Transocean Ltd. (NYSE: RIG) must think that its dispute with BP plc (NYSE: BP) over responsibility for the explosion of its Deepwater Horizon platform in April 2010 is either going to take years to settle or be settled in Transocean’s favor. The company announced this morning that it would acquire all the outstanding shares of Norwegian driller Aker Drilling for $1.43 billion in cash plus the assumption of about $800 million in Aker’s outstanding debt.
Aker owns and operates two ultra-deepwater platforms in the North Sea and has two more on order. The new rigs will cost $900 million. Aker’s contract backlog totals just over $1 billion, and Transocean claims that the acquisition will be “immediately accretive” to earnings.
Some consolidation has already hit the drilling business, with National Oilwell Varco, Inc.’s (NYSE: NOV) recent acquisition of a privately held floating production storage and offloading firm. Other large drillers like Seadrill Ltd. (NYSE: SDRL) and Diamond Offshore Drilling, Inc. (NYSE: DO) may also be on the lookout for expansion. Possible targets include Precision Drilling Corp. (NYSE: PDS), with a market cap of around $4 billion is half the size of Diamond and about a third the size of Precision. Cal-Dive International Inc. (NYSE: DVR) with a market cap of about $292 billion could be an even more appealing target.
Other possible targets include Hercules Offshore, Inc. (NASDAQ: HERO) with a market cap of about $540 million, Vantage Drilling Co. (AMEX: VTG) with a market cap of about $420 million, Parker Drilling Co. (NYSE: PKD) with a market cap of about $700 million, and Pioneer Drilling Co. (NYSE: PDC) with a market cap of $720 million.
Precision Drilling’s trailing P/E ratio has fallen from around 58 in April to around 27 today. It’s forward P/E is down from 13.57 to 10.92 since we put the company on our list of energy value stocks. The company operates onshore in North America and internationally, so it was largely unaffected by the moratorium in the Gulf of Mexico. Precision’s shares are up nearly 3.5% after about an hour of trading, to $14.69, in a 52-week range of $6.02-$18.18.
Cal Dive cannot put up a positive trailing P/E, and it’s forward P/E is just 7.74. It’s price/book ratio is 0.77. The company was hit by the Gulf drilling moratorium, and its business — putting real people deep underwater — is not filled with competitors. Unfortunately, many of the newest offshore fields are too deep for the company’s divers. Still, this could be a growing business offshore of Africa. Cal Dive’s shares are up more than 4.5%, to $3.13, in a 52-week range of $2.97-$8.19.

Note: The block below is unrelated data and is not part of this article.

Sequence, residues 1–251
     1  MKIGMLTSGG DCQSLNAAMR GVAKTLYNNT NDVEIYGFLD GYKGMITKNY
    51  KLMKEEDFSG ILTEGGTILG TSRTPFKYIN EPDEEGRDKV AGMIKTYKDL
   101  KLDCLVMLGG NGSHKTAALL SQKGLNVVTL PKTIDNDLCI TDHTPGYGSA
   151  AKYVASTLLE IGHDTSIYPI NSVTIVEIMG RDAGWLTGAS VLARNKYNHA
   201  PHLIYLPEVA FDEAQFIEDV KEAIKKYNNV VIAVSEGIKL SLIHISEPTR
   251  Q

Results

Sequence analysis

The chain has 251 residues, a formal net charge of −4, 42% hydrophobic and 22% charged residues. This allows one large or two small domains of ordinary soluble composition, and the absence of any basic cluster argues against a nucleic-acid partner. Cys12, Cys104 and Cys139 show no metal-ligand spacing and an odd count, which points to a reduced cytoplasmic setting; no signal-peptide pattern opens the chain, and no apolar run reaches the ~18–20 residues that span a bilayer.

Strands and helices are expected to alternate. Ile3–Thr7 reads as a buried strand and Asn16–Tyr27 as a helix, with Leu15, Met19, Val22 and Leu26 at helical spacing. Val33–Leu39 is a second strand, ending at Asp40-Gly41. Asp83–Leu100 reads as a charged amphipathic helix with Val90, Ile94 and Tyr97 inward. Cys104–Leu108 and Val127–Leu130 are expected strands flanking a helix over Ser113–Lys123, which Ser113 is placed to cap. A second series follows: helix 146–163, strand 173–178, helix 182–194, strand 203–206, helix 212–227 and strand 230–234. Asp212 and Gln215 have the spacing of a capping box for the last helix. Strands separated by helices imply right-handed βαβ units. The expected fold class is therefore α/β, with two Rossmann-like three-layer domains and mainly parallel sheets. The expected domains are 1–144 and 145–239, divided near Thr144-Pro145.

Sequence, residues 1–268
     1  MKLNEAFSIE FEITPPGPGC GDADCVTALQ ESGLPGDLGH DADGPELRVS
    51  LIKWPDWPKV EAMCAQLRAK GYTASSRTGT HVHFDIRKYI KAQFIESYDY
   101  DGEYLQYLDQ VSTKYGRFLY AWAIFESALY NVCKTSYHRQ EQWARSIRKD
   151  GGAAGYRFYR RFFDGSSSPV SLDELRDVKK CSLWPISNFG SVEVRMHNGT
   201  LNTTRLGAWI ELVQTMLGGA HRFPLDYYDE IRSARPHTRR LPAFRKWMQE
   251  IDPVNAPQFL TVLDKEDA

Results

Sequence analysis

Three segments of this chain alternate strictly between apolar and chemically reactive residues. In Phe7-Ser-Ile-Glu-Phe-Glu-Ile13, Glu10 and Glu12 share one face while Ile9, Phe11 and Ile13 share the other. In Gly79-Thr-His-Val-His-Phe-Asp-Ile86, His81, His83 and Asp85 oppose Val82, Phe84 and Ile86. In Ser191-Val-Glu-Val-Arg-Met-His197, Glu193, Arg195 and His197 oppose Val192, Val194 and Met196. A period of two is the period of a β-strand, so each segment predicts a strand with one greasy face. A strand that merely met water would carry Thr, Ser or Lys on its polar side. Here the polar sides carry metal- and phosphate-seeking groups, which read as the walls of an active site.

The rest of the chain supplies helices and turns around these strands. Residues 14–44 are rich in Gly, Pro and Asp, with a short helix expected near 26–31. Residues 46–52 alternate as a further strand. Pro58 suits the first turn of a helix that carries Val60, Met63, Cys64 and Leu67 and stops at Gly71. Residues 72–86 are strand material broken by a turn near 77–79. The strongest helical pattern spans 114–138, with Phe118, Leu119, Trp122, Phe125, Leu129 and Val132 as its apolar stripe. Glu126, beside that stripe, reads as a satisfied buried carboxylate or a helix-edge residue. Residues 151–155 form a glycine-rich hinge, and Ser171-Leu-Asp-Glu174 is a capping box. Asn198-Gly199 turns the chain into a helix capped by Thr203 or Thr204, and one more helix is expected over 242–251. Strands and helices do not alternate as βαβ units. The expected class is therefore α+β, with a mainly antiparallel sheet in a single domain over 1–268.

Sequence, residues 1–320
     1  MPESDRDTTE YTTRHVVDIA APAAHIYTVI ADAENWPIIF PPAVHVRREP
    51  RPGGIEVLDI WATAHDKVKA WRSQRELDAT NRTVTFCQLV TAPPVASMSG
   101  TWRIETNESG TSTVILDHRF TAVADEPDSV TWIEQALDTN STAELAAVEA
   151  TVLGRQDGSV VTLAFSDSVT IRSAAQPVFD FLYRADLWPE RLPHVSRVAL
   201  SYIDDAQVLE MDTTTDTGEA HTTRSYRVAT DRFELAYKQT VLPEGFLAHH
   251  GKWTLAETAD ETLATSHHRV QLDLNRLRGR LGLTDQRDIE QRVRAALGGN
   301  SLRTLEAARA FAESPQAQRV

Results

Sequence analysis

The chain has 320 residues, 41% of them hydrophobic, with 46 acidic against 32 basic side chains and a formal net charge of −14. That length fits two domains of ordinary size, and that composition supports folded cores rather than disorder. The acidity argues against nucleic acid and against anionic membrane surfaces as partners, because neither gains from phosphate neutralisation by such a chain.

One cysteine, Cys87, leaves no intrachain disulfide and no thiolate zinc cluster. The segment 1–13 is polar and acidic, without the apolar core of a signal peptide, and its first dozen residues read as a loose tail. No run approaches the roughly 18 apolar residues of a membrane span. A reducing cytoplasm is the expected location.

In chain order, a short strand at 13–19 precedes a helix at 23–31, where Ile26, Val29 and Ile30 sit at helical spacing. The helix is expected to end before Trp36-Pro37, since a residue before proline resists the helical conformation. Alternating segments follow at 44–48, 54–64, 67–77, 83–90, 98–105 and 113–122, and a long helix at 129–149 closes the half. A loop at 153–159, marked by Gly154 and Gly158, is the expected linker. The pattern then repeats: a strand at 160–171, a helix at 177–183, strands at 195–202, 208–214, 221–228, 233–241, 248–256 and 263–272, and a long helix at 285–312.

Hercules Offshore has even more troubles, with no trailing P/E and no positive forward P/E either. The price/book ratio is a mere 0.54. Revenue rose in the most recent quarter, and the company said dayrates were rising as demand increased in the US Gulf of Mexico. Hercules shares are up more than 7.5%, to $3.99, in a 52-week range of $2.05-$6.99.
Vantage Drilling’s numbers look about equal to Hercules’s. No positive P/E either trailing or forward, and a price/book ratio of 0.57. The company’s problem is long-term debt, which last quarter cost Vantage more than $25 million. Vantage shares are up more than 5.75%, to $1.47, in a 52-week range of $0.97-$2.26.
Parker Drilling’s trailing P/E is a nosebleed-level 143.84, and its forward P/E is 9.10. The stock’s price/book ration is 1.10. The company beat analysts’ expectation for earnings in the second quarter and is expected to earn $0.12/share in the current quarter, compared with just $0.01 last year. Parker’s drilling activities are either onshore or in shallow offshore waters. Parker shares are up more than 6%, to $6.11, in a 52-week range of $3.58-$7.45.
Pioneer Drilling is another onshore driller with a non-existent trailing P/E, but a forward P/E of 15.32. The price/book ratio is 1.74. Pioneer’s shares are up nearly 4%, to $13.34, in a 52-week range of $5.23-$18.00.
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